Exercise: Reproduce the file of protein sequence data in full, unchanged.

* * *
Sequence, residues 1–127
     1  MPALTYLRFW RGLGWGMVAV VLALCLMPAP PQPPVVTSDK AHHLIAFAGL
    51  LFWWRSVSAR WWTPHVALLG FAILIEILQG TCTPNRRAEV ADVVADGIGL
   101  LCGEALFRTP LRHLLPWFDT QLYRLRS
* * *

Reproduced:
Sequence, residues 1–127
     1  MPALTYLRFW RGLGWGMVAV VLALCLMPAP PQPPVVTSDK AHHLIAFAGL
    51  LFWWRSVSAR WWTPHVALLG FAILIEILQG TCTPNRRAEV ADVVADGIGL
   101  LCGEALFRTP LRHLLPWFDT QLYRLRS